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J Toxicol Environ Health A. 2008;71(5):310-4. doi: 10.1080/15287390701738491.

Association of brain cancer with residential exposure to petrochemical air pollution in Taiwan.

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  • 1Institute of Occupational Safety and Health, College of Health Sciences, Kaohsiung Medical University, Kaohsiung, Taiwan.

Abstract

To investigate the relationship between petrochemical air pollution and brain cancer (29 yr of age or younger), the authors conducted a matched case-control study using deaths that occurred in Taiwan from 1995 through 2005. Data on all eligible brain cancer deaths were obtained from the Bureau of Vital Statistics of the Taiwan Provincial Department of Health. The control group consisted of subjects who died from causes other than neoplasms or diseases that were not associated with respiratory problems. The controls were pair matched to the cases by sex, year of birth, and year of death. Each matched control was selected randomly from the set of possible controls for each case. The proportion of a municipality's total population employed in the petrochemical industry in a municipality was used as an indicator of a resident's exposure to air emissions from the petrochemical industry. The subjects were divided into tertiles according to the levels of the index just described. Subjects who lived in the group of municipalities characterized by the highest levels of petrochemical air pollution had a statistically significant higher risk of developing brain cancer than the group that lived in municipalities with the lowest petrochemical air pollution levels after controlling for possible confounders (OR = 1.65, 95% CI = 1.00-2.73). The findings of this study warrant further investigation of the role of petrochemical air pollution in the etiology of brain cancer.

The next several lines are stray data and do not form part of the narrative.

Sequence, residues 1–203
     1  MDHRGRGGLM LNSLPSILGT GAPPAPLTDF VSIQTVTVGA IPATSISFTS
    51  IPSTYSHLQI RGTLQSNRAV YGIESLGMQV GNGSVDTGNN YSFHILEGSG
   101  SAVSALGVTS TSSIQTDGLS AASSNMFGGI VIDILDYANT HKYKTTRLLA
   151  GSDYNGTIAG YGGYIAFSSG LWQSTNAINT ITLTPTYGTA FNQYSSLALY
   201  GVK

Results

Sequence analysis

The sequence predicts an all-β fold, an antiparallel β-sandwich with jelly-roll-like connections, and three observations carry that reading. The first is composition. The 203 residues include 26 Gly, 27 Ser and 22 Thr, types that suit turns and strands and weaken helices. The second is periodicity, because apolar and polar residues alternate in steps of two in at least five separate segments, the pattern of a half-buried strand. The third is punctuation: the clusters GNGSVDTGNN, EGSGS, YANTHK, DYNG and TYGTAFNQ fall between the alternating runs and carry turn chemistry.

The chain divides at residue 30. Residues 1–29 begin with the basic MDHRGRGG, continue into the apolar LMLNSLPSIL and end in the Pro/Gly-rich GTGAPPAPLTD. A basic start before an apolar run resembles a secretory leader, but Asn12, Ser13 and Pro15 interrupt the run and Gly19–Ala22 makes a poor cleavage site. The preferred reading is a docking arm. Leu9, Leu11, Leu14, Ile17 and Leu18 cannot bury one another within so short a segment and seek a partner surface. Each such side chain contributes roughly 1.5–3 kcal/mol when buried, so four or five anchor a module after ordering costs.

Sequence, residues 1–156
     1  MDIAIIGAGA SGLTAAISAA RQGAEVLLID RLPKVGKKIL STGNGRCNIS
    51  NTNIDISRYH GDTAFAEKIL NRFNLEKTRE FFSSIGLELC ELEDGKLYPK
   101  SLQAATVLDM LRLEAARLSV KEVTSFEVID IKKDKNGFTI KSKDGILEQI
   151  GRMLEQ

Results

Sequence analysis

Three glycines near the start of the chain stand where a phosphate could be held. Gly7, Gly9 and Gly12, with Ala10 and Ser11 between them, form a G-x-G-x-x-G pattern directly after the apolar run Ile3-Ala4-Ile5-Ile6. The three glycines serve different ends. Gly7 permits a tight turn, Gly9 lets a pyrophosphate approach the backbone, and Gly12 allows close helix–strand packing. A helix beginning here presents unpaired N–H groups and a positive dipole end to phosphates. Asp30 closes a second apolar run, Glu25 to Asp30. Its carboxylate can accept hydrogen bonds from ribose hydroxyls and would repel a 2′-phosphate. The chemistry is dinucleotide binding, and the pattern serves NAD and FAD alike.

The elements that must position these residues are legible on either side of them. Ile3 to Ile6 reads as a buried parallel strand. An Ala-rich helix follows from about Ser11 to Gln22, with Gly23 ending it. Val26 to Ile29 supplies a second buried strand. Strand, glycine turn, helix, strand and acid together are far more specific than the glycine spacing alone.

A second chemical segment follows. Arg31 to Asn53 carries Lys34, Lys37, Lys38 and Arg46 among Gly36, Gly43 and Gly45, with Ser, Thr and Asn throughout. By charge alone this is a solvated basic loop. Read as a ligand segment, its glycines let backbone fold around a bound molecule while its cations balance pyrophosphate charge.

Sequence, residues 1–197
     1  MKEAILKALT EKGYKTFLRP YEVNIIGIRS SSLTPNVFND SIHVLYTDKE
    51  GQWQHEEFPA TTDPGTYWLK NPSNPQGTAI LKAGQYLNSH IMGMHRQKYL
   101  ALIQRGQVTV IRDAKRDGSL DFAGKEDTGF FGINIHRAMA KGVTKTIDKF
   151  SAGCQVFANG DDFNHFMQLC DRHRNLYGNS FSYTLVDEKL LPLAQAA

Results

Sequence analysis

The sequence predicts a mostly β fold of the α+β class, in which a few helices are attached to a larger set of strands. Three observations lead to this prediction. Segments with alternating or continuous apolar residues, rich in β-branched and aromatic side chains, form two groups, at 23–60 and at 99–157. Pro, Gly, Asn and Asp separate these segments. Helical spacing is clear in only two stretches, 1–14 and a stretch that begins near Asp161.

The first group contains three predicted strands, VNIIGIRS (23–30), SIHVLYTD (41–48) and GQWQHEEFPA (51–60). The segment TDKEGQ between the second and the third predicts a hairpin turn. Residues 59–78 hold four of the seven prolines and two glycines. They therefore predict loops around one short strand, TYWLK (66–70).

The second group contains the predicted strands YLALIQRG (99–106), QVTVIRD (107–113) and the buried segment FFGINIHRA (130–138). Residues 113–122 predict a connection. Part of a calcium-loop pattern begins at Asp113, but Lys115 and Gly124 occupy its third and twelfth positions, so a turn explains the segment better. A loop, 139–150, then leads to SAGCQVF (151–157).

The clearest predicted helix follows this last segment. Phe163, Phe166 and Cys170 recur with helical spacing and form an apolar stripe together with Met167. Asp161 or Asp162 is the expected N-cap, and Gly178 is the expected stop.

PMID:
18214804
[PubMed - indexed for MEDLINE]
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